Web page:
In the province of South Kivu, in the east of the Democratic Republic of the Congo (DRC), attending school is absolute luxury. More than a third of the population have never been to school at all, and the drop-out rate is high. Even though the quality of teaching is poor, the greatest wish of many children is to be able to go to school. But in most cases their family cannot afford it. Sometimes poverty is so devastating that parents have to send their still under-age children out to fend for themselves in the world. These children then have no choice but to live on the streets and take physically strenuous or even dangerous jobs to keep their heads above water. It is not surprising that they come into contact with alcohol and drugs, and eventually descend into criminality. What is needed, in order to put a permanent end to this vicious circle of poverty and illiteracy, is education.
The project in brief:
CSI Lëtzebuerg and the Don Bosco Salesians have started a project which will allow children and adolescents aged between 7 and 18 to obtain a basic education and also learn a trade.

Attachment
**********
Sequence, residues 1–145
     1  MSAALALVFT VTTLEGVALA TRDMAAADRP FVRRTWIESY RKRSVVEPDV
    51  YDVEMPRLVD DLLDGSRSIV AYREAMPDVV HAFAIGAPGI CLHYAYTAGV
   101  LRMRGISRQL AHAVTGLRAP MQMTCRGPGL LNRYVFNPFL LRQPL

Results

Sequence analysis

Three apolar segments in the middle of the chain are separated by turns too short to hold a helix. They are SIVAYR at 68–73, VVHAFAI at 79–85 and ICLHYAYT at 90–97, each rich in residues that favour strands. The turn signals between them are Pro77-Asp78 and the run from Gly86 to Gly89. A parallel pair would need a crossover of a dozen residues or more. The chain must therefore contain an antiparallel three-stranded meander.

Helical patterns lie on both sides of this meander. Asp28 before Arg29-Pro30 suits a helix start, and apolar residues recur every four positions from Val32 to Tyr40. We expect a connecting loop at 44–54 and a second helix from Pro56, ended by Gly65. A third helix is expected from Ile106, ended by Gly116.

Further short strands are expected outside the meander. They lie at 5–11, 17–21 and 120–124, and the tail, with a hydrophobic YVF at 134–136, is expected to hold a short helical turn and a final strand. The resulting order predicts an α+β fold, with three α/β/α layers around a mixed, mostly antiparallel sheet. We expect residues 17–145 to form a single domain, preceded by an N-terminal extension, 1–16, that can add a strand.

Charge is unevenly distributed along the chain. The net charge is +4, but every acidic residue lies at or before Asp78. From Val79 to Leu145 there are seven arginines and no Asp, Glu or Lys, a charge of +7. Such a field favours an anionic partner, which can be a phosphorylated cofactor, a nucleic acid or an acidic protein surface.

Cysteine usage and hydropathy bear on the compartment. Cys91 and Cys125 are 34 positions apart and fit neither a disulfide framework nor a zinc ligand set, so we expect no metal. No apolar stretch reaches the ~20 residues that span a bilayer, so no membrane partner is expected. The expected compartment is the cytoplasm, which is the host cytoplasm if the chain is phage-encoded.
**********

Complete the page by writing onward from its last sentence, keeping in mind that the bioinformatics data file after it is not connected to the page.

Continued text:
As many young people are barely able to read, write or do sums (if at all), the aim of the project is not just to provide vocational training, but also specifically to teach them to read and write and help them to acquire basic skills. The project participants first spend several months on intensive courses in various subjects. Only later do they move on to vocational training.
Not only are teaching and training materials provided by the project; six classrooms are also being renovated and refurbished, 12 toilets built, and the vocational school’s joinery department extended. Last but not least, existing machines used for vocational training are being repaired, and some new machines acquired.
In order to ensure the project’s sustainability and success, action is taken to make participants and their families more aware of the importance of education and training.
Total project cost (2017-2020): €242 321.48
80% of this amount will be provided by the Luxembourg Foreign Ministry. The remaining 20% (€ 48 464.28) covered by CSI together with the partner organisation.